Yasmin Ratansi Liberal Joe Daniel Conservative Don Valley East
  Rob Oliphant Liberal John Carmichael Conservative Don Valley West
  Joe Volpe Liberal Joe Oliver Conservative Eglinton—Lawrence
  Borys Wrzesnewskyj Liberal Ted Opitz Conservative Etobicoke Centre
  Michael Ignatieff Liberal Bernard Trottier Conservative Etobicoke—Lakeshore
  Glen Pearson Liberal Susan Truppe Conservative London North Centre
  Navdeep Bains Liberal Eve Adams Conservative Mississauga—Brampton South
  Paul Szabo Liberal Stella Ambler Conservative Mississauga South
  Bonnie Crombie Liberal Brad Butt Conservative Mississauga—Streetsville
  Anthony Rota Liberal Jay Aspin Conservative Nipissing—Timiskaming
  Gerard Kennedy Liberal Peggy Nash NDP Parkdale—High Park
  Dan McTeague Liberal Corneliu Chisu Conservative Pickering—Scarborough East
  Bryon Wilfert Liberal Costas Menegakis Conservative Richmond Hill
  Tony Martin NDP Bryan Hayes Conservative Sault Ste. Marie
  John Cannis Liberal Roxanne James Conservative Scarborough Centre
  Michelle Simson Liberal Dan Harris NDP Scarborough Southwest
  Helena Guergis Independent Kellie Leitch Conservative Simcoe—Grey
  Martha Hall Findlay Liberal Chungsen Leung Conservative Willowdale
  Ken Dryden Liberal Mark Adler Conservative York Centre
  Alan Tonks Liberal Mike Sullivan NDP York South—Weston
Quebec
Defeated incumbent Affiliation Winner Affiliation Electoral district
  Yvon Lévesque Bloc Québécois Romeo Saganash NDP Abitibi—Baie-James—Nunavik—Eeyou
  Marc Lemay Bloc Québécois Christine Moore NDP Abitibi—Témiscamingue
  Robert Carrier Bloc Québécois Rosane Doré Lefebvre NDP Alfred-Pellan
  Mario Laframboise Bloc Québécois Mylène Freeman NDP Argenteuil—Papineau—Mirabel
  Claude DeBellefeuille Bloc Québécois Anne Minh-Thu Quach NDP Beauharnois—Salaberry
  Sylvie Boucher Conservative Raymond Côté NDP Beauport—Limoilou
  Guy André Bloc Québécois Ruth Ellen Brosseau NDP Berthier—Maskinongé
  Alexandra Mendès Liberal Hoang Mai NDP Brossard—La Prairie
  Yves Lessard Bloc Québécois Matthew Dubé NDP Chambly—Borduas
  Daniel Petit Conservative Anne-Marie Day NDP Charlesbourg—Haute-Saint-Charles
  Carole Freeman Bloc Québécois Sylvain Chicoine NDP Châteauguay—Saint-Constant
  Robert Bouchard Bloc Québécois Dany Morin NDP Chicoutimi—Le Fjord
  France Bonsant Bloc Québécois Jean Rousseau NDP Compton—Stanstead
  Roger Pomerleau Bloc Québécois François Choquette NDP Drummond
  Richard Nadeau Bloc Québécois Françoise Boivin NDP Gatineau
  Daniel Paillé Bloc Québécois Marjolaine Boutin-Sweet NDP Hochelaga
  Pablo Rodriguez Liberal Paulina Ayala NDP Honoré-Mercier
  Marcel Proulx Liberal Nycole Turmel NDP Hull—Aylmer
  Thierry St-Cyr Bloc Québécois Tyrone Benskin NDP Jeanne-Le Ber
  Pierre Paquette Bloc Québécois Francine Raynault NDP Joliette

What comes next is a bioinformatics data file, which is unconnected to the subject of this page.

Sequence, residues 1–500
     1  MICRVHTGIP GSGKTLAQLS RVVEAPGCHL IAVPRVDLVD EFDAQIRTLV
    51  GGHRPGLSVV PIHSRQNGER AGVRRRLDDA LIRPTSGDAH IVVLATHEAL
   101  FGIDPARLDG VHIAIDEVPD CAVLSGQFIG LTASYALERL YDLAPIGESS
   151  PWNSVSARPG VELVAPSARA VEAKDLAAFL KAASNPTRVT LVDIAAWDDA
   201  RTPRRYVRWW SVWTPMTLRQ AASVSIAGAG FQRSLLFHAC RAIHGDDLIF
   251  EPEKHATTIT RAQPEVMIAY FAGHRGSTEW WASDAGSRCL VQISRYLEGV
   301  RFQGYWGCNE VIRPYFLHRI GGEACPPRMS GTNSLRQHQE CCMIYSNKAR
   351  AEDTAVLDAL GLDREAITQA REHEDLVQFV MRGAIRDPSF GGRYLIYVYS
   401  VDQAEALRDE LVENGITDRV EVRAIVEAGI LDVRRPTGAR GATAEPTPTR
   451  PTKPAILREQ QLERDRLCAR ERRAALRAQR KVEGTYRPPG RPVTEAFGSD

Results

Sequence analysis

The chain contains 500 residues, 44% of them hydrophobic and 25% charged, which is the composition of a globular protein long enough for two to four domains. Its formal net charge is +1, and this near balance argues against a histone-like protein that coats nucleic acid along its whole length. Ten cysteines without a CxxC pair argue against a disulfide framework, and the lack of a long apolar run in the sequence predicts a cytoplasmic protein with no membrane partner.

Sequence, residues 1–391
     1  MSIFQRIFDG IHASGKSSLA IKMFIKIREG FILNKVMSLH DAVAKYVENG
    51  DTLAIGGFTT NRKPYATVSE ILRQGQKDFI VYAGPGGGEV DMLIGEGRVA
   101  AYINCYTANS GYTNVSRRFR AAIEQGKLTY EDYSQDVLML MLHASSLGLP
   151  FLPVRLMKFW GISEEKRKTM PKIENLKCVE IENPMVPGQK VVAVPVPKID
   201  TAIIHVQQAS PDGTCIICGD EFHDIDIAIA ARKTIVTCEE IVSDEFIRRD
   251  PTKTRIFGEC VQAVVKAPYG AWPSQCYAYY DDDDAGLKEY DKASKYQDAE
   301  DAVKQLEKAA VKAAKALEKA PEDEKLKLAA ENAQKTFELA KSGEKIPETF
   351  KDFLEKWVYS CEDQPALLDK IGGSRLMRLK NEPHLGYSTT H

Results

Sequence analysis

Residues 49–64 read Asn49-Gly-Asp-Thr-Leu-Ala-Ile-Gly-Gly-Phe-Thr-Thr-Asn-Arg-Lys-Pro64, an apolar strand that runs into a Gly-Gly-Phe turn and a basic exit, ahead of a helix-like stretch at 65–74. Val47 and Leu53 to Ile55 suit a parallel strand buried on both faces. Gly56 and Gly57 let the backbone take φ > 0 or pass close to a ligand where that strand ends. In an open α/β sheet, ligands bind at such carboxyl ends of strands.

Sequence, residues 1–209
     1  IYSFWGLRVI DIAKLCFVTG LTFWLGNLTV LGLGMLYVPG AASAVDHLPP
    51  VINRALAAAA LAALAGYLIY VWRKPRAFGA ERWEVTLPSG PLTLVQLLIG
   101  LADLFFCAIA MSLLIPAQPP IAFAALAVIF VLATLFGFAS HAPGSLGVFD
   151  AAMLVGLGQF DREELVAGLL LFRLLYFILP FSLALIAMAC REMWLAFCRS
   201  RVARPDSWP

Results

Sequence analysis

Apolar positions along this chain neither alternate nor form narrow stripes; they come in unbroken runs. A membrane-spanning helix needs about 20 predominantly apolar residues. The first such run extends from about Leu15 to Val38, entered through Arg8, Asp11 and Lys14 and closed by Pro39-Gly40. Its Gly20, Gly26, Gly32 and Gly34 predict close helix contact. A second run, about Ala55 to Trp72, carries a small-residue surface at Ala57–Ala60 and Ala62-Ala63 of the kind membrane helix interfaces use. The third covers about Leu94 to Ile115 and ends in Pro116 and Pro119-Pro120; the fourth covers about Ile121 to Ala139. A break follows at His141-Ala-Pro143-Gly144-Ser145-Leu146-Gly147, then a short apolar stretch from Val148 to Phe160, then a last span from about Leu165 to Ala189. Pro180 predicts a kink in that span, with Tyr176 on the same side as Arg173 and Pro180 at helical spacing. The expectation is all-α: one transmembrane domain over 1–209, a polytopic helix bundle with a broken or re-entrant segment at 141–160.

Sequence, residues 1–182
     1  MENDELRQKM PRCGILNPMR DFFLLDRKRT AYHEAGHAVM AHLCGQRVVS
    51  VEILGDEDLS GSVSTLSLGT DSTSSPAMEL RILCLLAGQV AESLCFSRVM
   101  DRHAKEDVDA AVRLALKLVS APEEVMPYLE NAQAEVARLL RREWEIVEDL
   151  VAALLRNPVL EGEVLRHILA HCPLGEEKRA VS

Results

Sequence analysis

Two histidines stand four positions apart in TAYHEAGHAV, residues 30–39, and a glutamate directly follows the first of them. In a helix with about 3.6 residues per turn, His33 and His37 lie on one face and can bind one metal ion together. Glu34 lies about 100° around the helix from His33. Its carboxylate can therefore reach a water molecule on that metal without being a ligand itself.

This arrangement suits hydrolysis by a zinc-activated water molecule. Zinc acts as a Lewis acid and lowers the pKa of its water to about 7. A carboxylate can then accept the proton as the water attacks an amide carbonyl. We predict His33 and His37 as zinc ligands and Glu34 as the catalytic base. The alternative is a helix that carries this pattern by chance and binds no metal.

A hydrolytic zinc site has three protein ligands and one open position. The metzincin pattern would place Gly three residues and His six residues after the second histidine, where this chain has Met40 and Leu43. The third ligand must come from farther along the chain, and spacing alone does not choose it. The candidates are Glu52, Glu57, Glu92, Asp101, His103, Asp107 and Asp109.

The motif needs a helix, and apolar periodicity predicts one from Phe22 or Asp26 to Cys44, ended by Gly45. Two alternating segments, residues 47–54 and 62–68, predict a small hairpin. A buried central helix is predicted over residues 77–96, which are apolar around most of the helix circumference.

Jean-Pierre Blackburn Conservative Claude Patry NDP Jonquière—Alma
  Lise Zarac Liberal Hélène LeBlanc NDP LaSalle—Émard
  Johanne Deschamps Bloc Québécois Marc-André Morin NDP Laurentides—Labelle
  Gilles Duceppe Bloc Québécois Hélène Laverdière NDP Laurier—Sainte-Marie
  Nicole Demers Bloc Québécois José Nunez-Melo NDP Laval
  Jean Dorion Bloc Québécois Pierre Nantel NDP Longueuil—Pierre-Boucher
  Pascal-Pierre Paillé Bloc Québécois Denis Blanchette NDP Louis-Hébert
  Josée Verner Conservative Alexandrine Latendresse NDP Louis-Saint-Laurent
  Gérard Asselin Bloc Québécois Jonathan Genest-Jourdain NDP Manicouagan
  Roger Gaudet Bloc Québécois Manon Perreault NDP Montcalm
  Bernard Généreux Conservative François Lapointe NDP Montmagny—L'Islet—Kamouraska—Rivière-du-Loup
  Michel Guimond Bloc Québécois Jonathan Tremblay NDP Montmorency—Charlevoix—Haute-Côte-Nord
  Marlene Jennings Liberal Isabelle Morin NDP Notre-Dame-de-Grâce—Lachine
  Bernard Patry Liberal Lysane Blanchette-Lamothe NDP Pierrefonds—Dollard
  Lawrence Cannon Conservative Mathieu Ravignat NDP Pontiac
  André Arthur Independent Élaine Michaud NDP Portneuf—Jacques-Cartier
  Christiane Gagnon Bloc Québécois Annick Papillon NDP Québec
  Nicolas Dufour Bloc Québécois Jean-François Larose NDP Repentigny
  Claude Guimond Bloc Québécois Guy Caron NDP Rimouski-Neigette—Témiscouata—Les Basques
  Luc Desnoyers Bloc Québécois Laurin Liu NDP Rivière-des-Mille-Îles
  Monique Guay Bloc Québécois Pierre Dionne Labelle NDP Rivière-du-Nord
  Bernard Bigras Bloc Québécois Alexandre Boulerice NDP Rosemont—La Petite-Patrie
  Carole Lavallée Bloc Québécois Djaouida Sellah NDP Saint-Bruno—Saint-Hubert
  Ève-Mary Thaï Thi Lac Bloc Québécois Marie-Claude Morin NDP Saint-Hyacinthe—Bagot
  Claude Bachand Bloc Québécois Tarik Brahmi NDP Saint-Jean
  Josée Beaudin Bloc Québécois Sadia Groguhé NDP Saint-Lambert
  Jean-Yves Laforest Bloc Québécois Lise St-Denis NDP Saint-Maurice—Champlain
  Robert Vincent Bloc Québécois Réjean Genest NDP Shefford
  Serge Cardin Bloc Québécois Pierre-Luc Dusseault NDP Sherbrooke
  Diane Bourgeois Bloc Québécois Charmaine Borg NDP Terrebonne—Blainville
  Paule Brunelle Bloc Québécois Robert Aubin NDP Trois-Rivières
  Meili Faille Bloc Québécois Jamie Nicholls NDP Vaudreuil-Soulanges
  Luc Malo Bloc Québécois Sana Hassainia NDP Verchères—Les Patriotes
Yukon
Defeated incumbent Affiliation Winner Affiliation Electoral district
  Larry Bagnell Liberal Ryan Leef Conservative Yukon

Open seats[edit]

The Bloc gained Haute-Gaspésie—La Mitis—Matane—Matapédia by the largest margin of victory of their four seats won and vacated by a long-standing member of the Bloc Québécois.

The Conservatives gained Calgary Centre-North and Prince George—Peace River, both vacated by long-standing Conservatives.

Seats that changed hands through vacancies at dissolution or retirements
Alberta
Outgoing incumbent Affiliation Winner Affiliation Electoral district
  Vacant Michelle Rempel Conservative Calgary Centre-North
  Rick Casson Conservative Jim Hillyer Conservative Lethbridge
British Columbia
Outgoing incumbent Affiliation Winner Affiliation Electoral district
  Bill Siksay NDP Kennedy Stewart NDP Burnaby—Douglas
  Chuck Strahl Conservative Mark Strahl Conservative Chilliwack—Fraser Canyon
  John Cummins Conservative Kerry-Lynne Findlay Conservative Delta—Richmond East
  Keith Martin Liberal Randall Garrison NDP Esquimalt—Juan de Fuca
  Jim Abbott Conservative Dan Albas Conservative Kootenay—Columbia
  Stockwell Day Conservative David Wilks Conservative Okanagan—Coquihalla
  Vacant Bob Zimmer Conservative Prince George—Peace River
New Brunswick
Outgoing incumbent Affiliation Winner Affiliation Electoral district